Log in

No account? Create an account
Philippians 2 : Unity through Humility - Riddle me this....Riddle me that... [entries|archive|friends|userinfo]
Taylor Made

[ website | E pluribus unum ]
[ userinfo | livejournal userinfo ]
[ archive | journal archive ]

Philippians 2 : Unity through Humility [May. 20th, 2008|11:23 am]
Taylor Made
1 So if there is any encouragement in Christ, any comfort from love, any participation in the Spirit, any affection and sympathy,
2 complete my joy by being of the same mind, having the same love, being in full accord and of one mind.
3 Do nothing from rivalry or conceit, but in humility count others more significant than yourselves.
4 Let each of you look not only to his own interests, but also to the interests of others.

Lord, may I please walk in a spirit of unity with my fellow Christians and think not only of myself but others when I act. No matter how big or small I may get the eyes of others, may I know and understand that we are one in Christ and if anything that I should consider them before considering myself (in accordance with Your will and Your ways).

This draws back to what Paul has built on in Philippians 1:27-30, telling the Philippians how to stand strong for the Lord against external conflicts. Now he tells them how to act against internal conflicts in the body of Christ.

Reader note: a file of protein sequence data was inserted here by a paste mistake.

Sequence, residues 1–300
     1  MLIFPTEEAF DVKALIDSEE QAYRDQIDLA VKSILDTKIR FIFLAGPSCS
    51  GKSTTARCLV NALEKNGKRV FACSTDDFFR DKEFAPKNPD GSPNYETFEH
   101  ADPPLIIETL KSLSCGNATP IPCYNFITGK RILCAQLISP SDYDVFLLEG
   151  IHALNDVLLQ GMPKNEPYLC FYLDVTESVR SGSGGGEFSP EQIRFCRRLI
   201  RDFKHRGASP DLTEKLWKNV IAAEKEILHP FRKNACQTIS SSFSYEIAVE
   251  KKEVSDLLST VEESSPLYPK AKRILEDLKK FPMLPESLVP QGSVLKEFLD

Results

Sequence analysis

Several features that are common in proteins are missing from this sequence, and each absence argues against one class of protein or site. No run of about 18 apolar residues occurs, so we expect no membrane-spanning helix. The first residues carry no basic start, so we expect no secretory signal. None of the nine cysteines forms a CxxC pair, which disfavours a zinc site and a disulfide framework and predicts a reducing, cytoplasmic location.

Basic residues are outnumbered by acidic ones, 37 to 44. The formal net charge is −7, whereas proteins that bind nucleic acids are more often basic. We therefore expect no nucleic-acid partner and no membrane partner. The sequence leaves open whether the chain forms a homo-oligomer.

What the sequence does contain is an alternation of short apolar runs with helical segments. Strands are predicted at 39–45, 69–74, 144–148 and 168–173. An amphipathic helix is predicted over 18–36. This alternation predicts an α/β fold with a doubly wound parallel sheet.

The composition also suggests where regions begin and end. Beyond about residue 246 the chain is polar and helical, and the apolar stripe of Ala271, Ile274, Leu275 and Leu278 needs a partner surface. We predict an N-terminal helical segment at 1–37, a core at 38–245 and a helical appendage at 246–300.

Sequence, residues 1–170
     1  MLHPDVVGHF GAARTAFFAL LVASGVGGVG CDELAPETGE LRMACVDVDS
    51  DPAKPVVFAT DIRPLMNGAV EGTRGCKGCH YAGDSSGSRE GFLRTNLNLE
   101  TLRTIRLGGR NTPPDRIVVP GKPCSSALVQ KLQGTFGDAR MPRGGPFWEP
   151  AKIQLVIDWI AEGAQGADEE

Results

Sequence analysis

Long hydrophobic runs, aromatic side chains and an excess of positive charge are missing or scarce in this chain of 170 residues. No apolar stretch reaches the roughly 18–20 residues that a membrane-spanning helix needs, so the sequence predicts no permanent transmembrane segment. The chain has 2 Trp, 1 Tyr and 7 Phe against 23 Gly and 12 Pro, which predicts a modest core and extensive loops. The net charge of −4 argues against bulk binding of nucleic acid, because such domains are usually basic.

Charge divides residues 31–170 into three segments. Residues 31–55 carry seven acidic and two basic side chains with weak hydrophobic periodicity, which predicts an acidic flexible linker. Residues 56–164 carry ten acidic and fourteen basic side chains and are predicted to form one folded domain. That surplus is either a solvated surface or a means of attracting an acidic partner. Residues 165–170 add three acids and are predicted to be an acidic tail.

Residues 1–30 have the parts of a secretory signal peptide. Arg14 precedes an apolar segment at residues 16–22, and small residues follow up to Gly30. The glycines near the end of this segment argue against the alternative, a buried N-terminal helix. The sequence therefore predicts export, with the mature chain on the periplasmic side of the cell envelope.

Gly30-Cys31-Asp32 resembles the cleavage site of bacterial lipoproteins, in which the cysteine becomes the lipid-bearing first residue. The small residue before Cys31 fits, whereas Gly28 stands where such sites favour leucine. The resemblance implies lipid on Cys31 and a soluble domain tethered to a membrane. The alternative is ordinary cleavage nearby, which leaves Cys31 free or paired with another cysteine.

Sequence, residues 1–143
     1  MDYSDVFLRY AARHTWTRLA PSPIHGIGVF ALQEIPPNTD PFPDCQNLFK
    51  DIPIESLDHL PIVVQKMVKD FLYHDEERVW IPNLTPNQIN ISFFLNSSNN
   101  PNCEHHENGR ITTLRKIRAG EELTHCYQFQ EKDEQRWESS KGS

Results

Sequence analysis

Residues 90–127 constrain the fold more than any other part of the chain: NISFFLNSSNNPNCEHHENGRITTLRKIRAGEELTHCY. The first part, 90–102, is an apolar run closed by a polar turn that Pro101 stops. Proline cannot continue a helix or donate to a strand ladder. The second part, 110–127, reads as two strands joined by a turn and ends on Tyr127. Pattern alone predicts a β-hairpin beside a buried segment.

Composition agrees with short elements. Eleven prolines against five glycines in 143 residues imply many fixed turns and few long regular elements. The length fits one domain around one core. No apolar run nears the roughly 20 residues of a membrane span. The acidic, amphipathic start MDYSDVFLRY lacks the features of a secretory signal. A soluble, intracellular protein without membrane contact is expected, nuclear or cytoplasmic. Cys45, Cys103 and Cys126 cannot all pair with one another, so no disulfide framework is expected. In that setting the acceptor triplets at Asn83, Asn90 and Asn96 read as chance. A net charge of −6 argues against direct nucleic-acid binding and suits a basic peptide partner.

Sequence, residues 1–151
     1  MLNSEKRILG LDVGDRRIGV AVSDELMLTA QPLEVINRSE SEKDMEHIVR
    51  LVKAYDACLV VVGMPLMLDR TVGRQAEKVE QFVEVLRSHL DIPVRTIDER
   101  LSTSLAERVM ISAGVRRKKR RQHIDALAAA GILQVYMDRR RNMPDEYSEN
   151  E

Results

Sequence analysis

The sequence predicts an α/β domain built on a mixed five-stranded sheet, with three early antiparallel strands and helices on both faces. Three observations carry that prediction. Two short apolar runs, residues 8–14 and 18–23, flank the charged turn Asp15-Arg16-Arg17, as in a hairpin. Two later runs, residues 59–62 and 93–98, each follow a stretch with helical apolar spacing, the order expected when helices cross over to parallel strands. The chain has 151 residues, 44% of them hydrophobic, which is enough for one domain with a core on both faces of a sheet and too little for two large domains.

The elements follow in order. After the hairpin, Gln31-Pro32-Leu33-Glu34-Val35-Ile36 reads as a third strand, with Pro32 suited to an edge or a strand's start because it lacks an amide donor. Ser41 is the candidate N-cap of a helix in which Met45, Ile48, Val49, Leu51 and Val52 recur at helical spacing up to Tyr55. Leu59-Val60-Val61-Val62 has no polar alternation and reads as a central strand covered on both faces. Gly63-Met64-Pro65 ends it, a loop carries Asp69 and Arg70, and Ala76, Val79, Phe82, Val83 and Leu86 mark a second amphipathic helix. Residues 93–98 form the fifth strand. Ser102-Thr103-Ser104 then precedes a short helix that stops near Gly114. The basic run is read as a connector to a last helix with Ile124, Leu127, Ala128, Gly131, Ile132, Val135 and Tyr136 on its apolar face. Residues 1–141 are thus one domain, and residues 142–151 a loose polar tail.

2 Corinthians 1:3 says that God is the God of all comfort. There is no way He cannot comfort us and no circumstance beyond His comfort. But this is more than comfort; this is the comfort of love. 

ii. The word comfort in this passage is the ancient Greek word paraklesis. The idea behind this word for comfort in the New Testament is always more than soothing sympathy. It has the idea of strengthening, of helping, of making strong. The idea behind this word is communicated by the Latin word for comfort (fortis), which also means “brave.” The love of God in our loves makes us strong and makes us brave. Of course there is comfort of love!

When what we do is not done out of love for others, but out of our own desire for “advancement” or “promotion” (selfish ambition)
Conceit is thinking too highly of one’s self, of having an excessive self-interest and self-preoccupation.

As we put away our selfish ambitions, our conceit, and our tendencies to be high-minded and self-absorbed, we will naturally have a greater concern for the interests and needs of others.
Paul doesn’t tell us that it is wrong to look out for our own interests, but that we should not only look out for our own interests.